isogeometric analysis, mesh burden reduction, isogeometric boundary element methods, NURBS-enhanced finite element method.
It has been realised that integration of computer aided design (CAD) and numerical analysis is crucial for an efficient engineering design process. Many methods have been proposed in this area from a variety of perspectives, such as the B-spline subdivision surfaces method, isogeometric analysis (IGA), NURBS-enhanced finite element methods (FEM) and parametric-based implicit boundary definitions. This class of methods share the common features of employing the CAD data in analysis and possess the following main advantages:
- Difficulties in generating a geometry-conforming mesh can be alleviated greatly. Generating an analysis-suitable mesh is still difficult and time consuming, although mesh generators have developed quickly.
- The geometry can be represented exactly. This property can enhance the analysis accuracy vastly, which is particularly obvious for shells, contact problems, fluid mechanics and several other applications.
In this paper, emphasis is placed on IGA, whose key idea is to use the same basis functions to describe geometries and unknown fields. These basis functions include B-splines, NURBS (Non-Uniform Rational B-splines), T-splines, and PHT-splines. Their beneficial properties endow the IGA with several advantages in addition to the ones mentioned above:
- Flexible hpk refinement schemes. Particularly, k- refinement is noteworthy because it allows fewer degrees of freedom compared to p- refinement and has no analogue in traditional FEM.
- Easy construction of high order continuous fields for problems such as plates and shells, gradient elasticity, and phase fields.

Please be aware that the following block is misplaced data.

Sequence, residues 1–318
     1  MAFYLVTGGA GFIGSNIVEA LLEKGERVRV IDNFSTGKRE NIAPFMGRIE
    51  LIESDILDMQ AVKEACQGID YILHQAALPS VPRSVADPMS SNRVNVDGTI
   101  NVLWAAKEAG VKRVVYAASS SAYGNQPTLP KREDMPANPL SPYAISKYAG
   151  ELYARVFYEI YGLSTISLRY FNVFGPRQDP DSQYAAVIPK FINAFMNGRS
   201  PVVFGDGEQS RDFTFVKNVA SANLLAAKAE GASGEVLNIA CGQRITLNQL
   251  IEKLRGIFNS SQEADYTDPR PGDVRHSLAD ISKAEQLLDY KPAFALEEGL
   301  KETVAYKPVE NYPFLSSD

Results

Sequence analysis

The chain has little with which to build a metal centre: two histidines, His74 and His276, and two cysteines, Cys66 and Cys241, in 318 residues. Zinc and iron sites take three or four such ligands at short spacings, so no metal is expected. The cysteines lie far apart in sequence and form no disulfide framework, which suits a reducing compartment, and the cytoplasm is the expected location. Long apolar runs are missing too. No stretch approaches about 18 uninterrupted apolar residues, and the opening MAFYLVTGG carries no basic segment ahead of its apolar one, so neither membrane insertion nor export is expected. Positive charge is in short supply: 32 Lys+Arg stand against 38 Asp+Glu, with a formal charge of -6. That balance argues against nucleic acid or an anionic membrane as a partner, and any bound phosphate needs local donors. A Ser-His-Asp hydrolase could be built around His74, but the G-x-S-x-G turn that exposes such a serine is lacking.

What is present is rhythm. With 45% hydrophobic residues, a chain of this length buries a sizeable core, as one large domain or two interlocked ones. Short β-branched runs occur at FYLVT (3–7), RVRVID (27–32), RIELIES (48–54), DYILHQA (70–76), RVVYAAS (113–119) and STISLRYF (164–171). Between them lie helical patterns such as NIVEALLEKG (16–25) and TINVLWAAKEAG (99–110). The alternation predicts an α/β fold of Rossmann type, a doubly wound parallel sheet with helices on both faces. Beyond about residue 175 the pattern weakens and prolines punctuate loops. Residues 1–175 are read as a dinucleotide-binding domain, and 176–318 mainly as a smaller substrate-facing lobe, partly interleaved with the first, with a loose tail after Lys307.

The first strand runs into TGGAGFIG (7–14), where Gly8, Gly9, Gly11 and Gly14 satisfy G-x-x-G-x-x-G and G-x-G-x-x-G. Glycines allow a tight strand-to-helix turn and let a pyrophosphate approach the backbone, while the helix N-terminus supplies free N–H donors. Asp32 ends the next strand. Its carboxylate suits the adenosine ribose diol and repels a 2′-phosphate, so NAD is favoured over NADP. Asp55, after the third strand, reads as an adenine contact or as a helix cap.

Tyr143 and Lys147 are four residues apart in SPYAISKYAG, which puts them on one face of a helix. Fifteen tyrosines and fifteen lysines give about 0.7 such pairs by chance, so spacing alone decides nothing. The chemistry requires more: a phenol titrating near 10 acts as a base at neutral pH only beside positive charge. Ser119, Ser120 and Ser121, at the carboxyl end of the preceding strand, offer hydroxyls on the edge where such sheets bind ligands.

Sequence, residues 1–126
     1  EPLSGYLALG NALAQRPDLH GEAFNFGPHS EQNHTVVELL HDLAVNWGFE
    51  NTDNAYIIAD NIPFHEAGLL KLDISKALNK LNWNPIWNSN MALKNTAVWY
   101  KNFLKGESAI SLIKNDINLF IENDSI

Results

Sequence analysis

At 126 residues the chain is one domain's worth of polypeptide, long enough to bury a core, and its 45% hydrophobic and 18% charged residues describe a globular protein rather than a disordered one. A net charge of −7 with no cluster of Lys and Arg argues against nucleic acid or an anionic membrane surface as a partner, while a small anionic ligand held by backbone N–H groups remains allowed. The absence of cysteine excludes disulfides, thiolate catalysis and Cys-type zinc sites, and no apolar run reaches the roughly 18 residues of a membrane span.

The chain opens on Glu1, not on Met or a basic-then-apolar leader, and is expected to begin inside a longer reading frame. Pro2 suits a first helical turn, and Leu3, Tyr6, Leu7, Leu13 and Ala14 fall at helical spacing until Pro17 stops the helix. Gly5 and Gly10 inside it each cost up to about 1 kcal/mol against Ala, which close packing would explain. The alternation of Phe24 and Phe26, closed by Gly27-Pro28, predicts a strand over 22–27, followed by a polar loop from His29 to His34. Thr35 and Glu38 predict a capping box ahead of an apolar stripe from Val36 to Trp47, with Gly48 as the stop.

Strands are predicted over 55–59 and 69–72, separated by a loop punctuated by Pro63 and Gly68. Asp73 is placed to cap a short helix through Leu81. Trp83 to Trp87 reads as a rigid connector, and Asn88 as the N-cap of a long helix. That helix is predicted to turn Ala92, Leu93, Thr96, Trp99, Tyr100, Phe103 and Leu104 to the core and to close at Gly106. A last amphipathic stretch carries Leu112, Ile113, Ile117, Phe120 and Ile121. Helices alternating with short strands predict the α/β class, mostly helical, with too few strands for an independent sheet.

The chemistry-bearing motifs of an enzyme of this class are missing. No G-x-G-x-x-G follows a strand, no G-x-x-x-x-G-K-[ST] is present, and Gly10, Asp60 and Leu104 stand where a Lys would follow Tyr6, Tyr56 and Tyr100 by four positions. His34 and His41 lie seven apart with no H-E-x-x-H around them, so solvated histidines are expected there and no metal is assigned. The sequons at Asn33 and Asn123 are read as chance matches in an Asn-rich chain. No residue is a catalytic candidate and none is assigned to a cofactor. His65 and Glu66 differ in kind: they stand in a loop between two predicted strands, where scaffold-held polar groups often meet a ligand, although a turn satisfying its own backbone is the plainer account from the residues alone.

- Easily to be incorporated into existing FEM codes, especially utilising Bézier extraction which leads to a familiar element assembly routine for IGA.
We review in this paper the basic theory of CAD design technology and the application and recent advances of isogeometric analysis. Furthermore, we compare IGA with other methods easing meshing difficulties, e.g.
meshfree methods, implicit boundary methods, scaled boundary finite element methods etc.
After comparing these methods, it is found that main limitations and future directions of IGA are
- An efficient quadrature rule for rational basis functions still needs further investigation.
- A general and optimal volumetric representation needs to be developed, although this difficulty has been overcome by the isogeometric boundary element method (IGABEM) and NURBS-enhanced finite element method (NEFEM), but these methods cannot inherit all of the advantages of isogeometric analysis. IGABEM is limited to linear problems and NEFEM loses a flexible refinement scheme and the ability to construct a high order continuous field because of the use of polynomials in the domain.
- It is promising to combine isogeometric analysis with other methods. For example, the combination with the extended finite element method has achieved successful applications in fracture mechanics.
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